### MATRIX ALGEBRA AND SYSTEMS OF EQUATIONS. + + x 2. x n. a 11 a 12 a 1n b 1 a 21 a 22 a 2n b 2 a 31 a 32 a 3n b 3. a m1 a m2 a mn b m

MATRIX ALGEBRA AND SYSTEMS OF EQUATIONS 1. SYSTEMS OF EQUATIONS AND MATRICES 1.1. Representation of a linear system. The general system of m equations in n unknowns can be written a 11 x 1 + a 12 x 2 +

### Orthogonal Diagonalization of Symmetric Matrices

MATH10212 Linear Algebra Brief lecture notes 57 Gram Schmidt Process enables us to find an orthogonal basis of a subspace. Let u 1,..., u k be a basis of a subspace V of R n. We begin the process of finding

### Au = = = 3u. Aw = = = 2w. so the action of A on u and w is very easy to picture: it simply amounts to a stretching by 3 and 2, respectively.

Chapter 7 Eigenvalues and Eigenvectors In this last chapter of our exploration of Linear Algebra we will revisit eigenvalues and eigenvectors of matrices, concepts that were already introduced in Geometry

### Recall that two vectors in are perpendicular or orthogonal provided that their dot

Orthogonal Complements and Projections Recall that two vectors in are perpendicular or orthogonal provided that their dot product vanishes That is, if and only if Example 1 The vectors in are orthogonal

### Cofactor Expansion: Cramer s Rule

Cofactor Expansion: Cramer s Rule MATH 322, Linear Algebra I J. Robert Buchanan Department of Mathematics Spring 2015 Introduction Today we will focus on developing: an efficient method for calculating

### NOTES ON LINEAR TRANSFORMATIONS

NOTES ON LINEAR TRANSFORMATIONS Definition 1. Let V and W be vector spaces. A function T : V W is a linear transformation from V to W if the following two properties hold. i T v + v = T v + T v for all

### 1 Eigenvalues and Eigenvectors

Math 20 Chapter 5 Eigenvalues and Eigenvectors Eigenvalues and Eigenvectors. Definition: A scalar λ is called an eigenvalue of the n n matrix A is there is a nontrivial solution x of Ax = λx. Such an x

### Linear Dependence Tests

Linear Dependence Tests The book omits a few key tests for checking the linear dependence of vectors. These short notes discuss these tests, as well as the reasoning behind them. Our first test checks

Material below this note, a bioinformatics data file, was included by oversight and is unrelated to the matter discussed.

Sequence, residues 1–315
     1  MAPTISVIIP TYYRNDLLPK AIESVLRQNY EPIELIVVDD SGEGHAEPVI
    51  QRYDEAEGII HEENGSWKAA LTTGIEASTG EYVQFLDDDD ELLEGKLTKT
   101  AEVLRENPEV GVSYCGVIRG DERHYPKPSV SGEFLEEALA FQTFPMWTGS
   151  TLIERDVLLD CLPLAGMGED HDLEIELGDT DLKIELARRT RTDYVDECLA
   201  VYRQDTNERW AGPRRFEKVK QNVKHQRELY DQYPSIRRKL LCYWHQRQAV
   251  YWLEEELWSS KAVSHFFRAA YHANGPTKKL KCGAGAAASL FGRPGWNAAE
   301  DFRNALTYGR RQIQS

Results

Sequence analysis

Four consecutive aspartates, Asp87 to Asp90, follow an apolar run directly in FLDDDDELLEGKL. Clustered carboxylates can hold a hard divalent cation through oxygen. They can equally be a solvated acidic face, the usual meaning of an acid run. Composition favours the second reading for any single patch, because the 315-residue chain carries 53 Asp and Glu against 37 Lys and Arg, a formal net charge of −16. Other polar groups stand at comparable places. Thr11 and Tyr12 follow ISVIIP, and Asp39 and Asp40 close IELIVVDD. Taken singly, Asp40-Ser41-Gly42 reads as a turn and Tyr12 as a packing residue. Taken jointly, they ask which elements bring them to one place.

### T ( a i x i ) = a i T (x i ).

Chapter 2 Defn 1. (p. 65) Let V and W be vector spaces (over F ). We call a function T : V W a linear transformation form V to W if, for all x, y V and c F, we have (a) T (x + y) = T (x) + T (y) and (b)

### MA 242 LINEAR ALGEBRA C1, Solutions to Second Midterm Exam

MA 4 LINEAR ALGEBRA C, Solutions to Second Midterm Exam Prof. Nikola Popovic, November 9, 6, 9:3am - :5am Problem (5 points). Let the matrix A be given by 5 6 5 4 5 (a) Find the inverse A of A, if it exists.

### Mathematics Course 111: Algebra I Part IV: Vector Spaces

Mathematics Course 111: Algebra I Part IV: Vector Spaces D. R. Wilkins Academic Year 1996-7 9 Vector Spaces A vector space over some field K is an algebraic structure consisting of a set V on which are

### Methods for Finding Bases

Methods for Finding Bases Bases for the subspaces of a matrix Row-reduction methods can be used to find bases. Let us now look at an example illustrating how to obtain bases for the row space, null space,

### Solving Systems of Linear Equations

LECTURE 5 Solving Systems of Linear Equations Recall that we introduced the notion of matrices as a way of standardizing the expression of systems of linear equations In today s lecture I shall show how

### Lecture Note on Linear Algebra 15. Dimension and Rank

Lecture Note on Linear Algebra 15. Dimension and Rank Wei-Shi Zheng, wszheng@ieee.org, 211 November 1, 211 1 What Do You Learn from This Note We still observe the unit vectors we have introduced in Chapter

### MATH 551 - APPLIED MATRIX THEORY

MATH 55 - APPLIED MATRIX THEORY FINAL TEST: SAMPLE with SOLUTIONS (25 points NAME: PROBLEM (3 points A web of 5 pages is described by a directed graph whose matrix is given by A Do the following ( points

### Basic Terminology for Systems of Equations in a Nutshell. E. L. Lady. 3x 1 7x 2 +4x 3 =0 5x 1 +8x 2 12x 3 =0.

Basic Terminology for Systems of Equations in a Nutshell E L Lady A system of linear equations is something like the following: x 7x +4x =0 5x +8x x = Note that the number of equations is not required

### 2.1: MATRIX OPERATIONS

.: MATRIX OPERATIONS What are diagonal entries and the main diagonal of a matrix? What is a diagonal matrix? When are matrices equal? Scalar Multiplication 45 Matrix Addition Theorem (pg 0) Let A, B, and

### Solving Linear Systems, Continued and The Inverse of a Matrix

, Continued and The of a Matrix Calculus III Summer 2013, Session II Monday, July 15, 2013 Agenda 1. The rank of a matrix 2. The inverse of a square matrix Gaussian Gaussian solves a linear system by reducing

### 4.5 Linear Dependence and Linear Independence